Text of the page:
That observation and choice of words is inspired by Harry Frankfurt, the Princeton University professor who published a slim philosophical treatise entitled On Bull—- in 2005. It took issue with “bull—-ters…who are attempting by what they say to manipulate the opinions of those to whom they speak.”

That obviously applies to more than corporate life and performance review sessions and the book’s phenomenal success (translation into 25 languages, a place on the New York Times bestseller list for months) points to widespread distaste for fakery and phoniness.

Does Culbert have a cure for the ills he diagnoses? Yes. He calls it “performance preview”, a system where managers mentor and coach employees to succeed. They have conversations when either feel they are necessary — not in a formal session once a year.

7 comments

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This reminds me of Brian Butterworth’s excellent book ‘Marked for life’ from the early 70s. Also, that the language of business is – regrettably – still more of a forked or foreign tongue today than it should be, given all we’re supposed to have learned in this greatest of all possible worlds.

There has to be a better way.

Posted by HBC | Report as abusive

he claims that there is only one way to implement MBO, but as everyone knows, you actually CAN reward employees for corporate/group success, you CAN hold informal “previews”- as he calls them- even with a yearly formal review, and ESOPs have actually been on the rise over the years. also, who ever said that you must bell curve a performance review? never have i been told that performance reviews should be bell curved; obviously that takes away from the objectivity of the review, so if companies are doing this, simply abolish that practice, not the whole practice of performance reviews. the grass isn’t always brighter on the other side; simply more complicated

Posted by 7jcjg | Report as abusive

Hear, Hear! I think they are uncomfortable for both the manager and the employee. It’s the employees who make the company go. What about their impressions of the management? What do they see mgmt doing? Swanning up and down the halls, sitting in meetings?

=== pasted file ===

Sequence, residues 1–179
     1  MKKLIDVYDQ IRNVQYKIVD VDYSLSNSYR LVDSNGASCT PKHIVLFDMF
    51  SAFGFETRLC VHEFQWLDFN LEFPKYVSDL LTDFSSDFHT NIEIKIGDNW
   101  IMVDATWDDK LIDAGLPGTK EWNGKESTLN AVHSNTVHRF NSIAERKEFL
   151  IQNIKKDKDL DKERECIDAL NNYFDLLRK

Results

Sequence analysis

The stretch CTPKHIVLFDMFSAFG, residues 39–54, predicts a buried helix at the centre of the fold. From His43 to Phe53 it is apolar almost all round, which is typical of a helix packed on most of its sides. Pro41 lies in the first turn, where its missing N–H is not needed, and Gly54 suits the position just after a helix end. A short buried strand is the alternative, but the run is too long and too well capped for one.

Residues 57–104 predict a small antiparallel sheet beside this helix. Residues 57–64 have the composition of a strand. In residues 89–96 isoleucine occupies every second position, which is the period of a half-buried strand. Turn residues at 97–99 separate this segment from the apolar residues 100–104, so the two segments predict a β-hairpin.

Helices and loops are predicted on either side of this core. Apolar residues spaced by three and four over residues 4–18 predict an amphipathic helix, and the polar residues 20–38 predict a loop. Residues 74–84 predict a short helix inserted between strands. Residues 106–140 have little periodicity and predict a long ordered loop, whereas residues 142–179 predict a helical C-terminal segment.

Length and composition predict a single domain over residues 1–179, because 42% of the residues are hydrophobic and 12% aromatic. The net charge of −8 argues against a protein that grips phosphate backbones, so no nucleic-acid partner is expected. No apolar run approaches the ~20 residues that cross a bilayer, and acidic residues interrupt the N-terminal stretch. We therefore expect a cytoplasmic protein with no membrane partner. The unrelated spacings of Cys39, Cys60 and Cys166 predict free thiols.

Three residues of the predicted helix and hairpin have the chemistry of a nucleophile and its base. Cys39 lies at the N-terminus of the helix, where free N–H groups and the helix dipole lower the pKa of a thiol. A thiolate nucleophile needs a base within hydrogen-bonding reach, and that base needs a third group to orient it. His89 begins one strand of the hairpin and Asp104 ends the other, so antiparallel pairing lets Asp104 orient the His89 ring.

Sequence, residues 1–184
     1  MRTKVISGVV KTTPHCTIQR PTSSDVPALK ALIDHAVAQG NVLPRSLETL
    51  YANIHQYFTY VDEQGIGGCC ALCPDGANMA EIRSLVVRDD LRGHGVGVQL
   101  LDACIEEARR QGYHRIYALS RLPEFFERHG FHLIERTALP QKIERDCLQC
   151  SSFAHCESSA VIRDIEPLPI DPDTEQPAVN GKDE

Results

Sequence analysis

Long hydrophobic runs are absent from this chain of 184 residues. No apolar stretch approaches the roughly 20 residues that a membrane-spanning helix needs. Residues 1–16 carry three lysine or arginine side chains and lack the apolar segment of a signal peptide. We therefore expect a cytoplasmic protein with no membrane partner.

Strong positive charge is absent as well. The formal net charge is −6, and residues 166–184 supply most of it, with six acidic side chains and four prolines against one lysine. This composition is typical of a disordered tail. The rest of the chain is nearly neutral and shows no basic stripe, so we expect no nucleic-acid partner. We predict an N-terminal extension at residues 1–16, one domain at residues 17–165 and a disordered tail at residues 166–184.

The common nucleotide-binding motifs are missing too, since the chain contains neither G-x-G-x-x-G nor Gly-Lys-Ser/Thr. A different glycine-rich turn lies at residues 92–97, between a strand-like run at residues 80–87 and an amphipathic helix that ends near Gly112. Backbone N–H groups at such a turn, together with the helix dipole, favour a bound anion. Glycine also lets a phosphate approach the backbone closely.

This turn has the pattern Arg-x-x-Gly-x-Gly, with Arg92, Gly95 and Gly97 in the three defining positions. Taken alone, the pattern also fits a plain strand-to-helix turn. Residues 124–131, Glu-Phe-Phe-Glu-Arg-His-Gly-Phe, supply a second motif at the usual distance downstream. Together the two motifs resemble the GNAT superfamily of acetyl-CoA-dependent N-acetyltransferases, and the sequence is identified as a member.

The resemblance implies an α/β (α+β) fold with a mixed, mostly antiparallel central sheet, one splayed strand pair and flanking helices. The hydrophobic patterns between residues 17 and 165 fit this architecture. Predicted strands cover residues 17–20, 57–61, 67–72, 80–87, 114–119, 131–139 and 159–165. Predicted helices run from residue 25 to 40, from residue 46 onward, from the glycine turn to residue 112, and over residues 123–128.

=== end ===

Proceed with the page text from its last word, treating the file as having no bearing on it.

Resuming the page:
I think cultivating true respect and admiration for the mgmt and the company in the minds of the employees is more important than shooting at their feet and making them dance.

How is this done? Leadership by example, for one thing. Employee feedback is another. It has to come from the top. When VP’s are divided for the purpose of conquering by the corner office, the culture of fear will permeate the organization.

Posted by JetJaguar | Report as abusive

Something else that is total bull—-?
Rating on the bell curve.
“Well, we already have the high scorer (brown noser) so, you have to fall on the bell curve at some lower point (between the high scorer and the lazy one).”
What a joke.

Posted by LaurLaur | Report as abusive

At my previous retail job, my manager got her review before she gave us ours. She wasn’t allowed to score any of us higher than the rating she got.

Posted by drewbie | Report as abusive

Hello Bernd,
You shouldn’t have too much first hand experience with performance reviews :).

I see you writing about Mexico and drugs, about Afghanistan, China. That what polarize people.

But performance reviews?!!!
Are you getting sucked into dirty, murky waters of corporate life? Like this guy who “work on a floor of 90 people and four of those people take home about 70% of the annual bonuses”.

As usual I don’t agree wit you :).

Performance review is just stupid legal cover up to dispatch people. But is not real corporate problem.

The real problem is current corporate law. It allows management to use proxy voting to hijack votes of small shareholders. these hijacked votes are used to impose handpicked corporate board… You know the rest of the story. Huge bonuses, no personal responsibility, golden parachutes… Broken corporate culture.

Posted by sk_usa | Report as abusive

Performance reviews kill morale. A VERY over used word is “professionalism”. Professionalism means knowing your job well, and doing it efficiently and effectively every time.

But these days “professionalism” means, look good, smell good, and speak pleasantly enough to appear more competent than you really are. And it reaches the highest levels. That mindset is what creates the problems that corporate life causes the rest of society.

What ever happened to honest effort? What ever happened to REAL teamwork? These days bullshit is what gets you promoted and paid. Just look at the executives at Goldman Sachs and BP.

Posted by Benny_Acosta | Report as abusive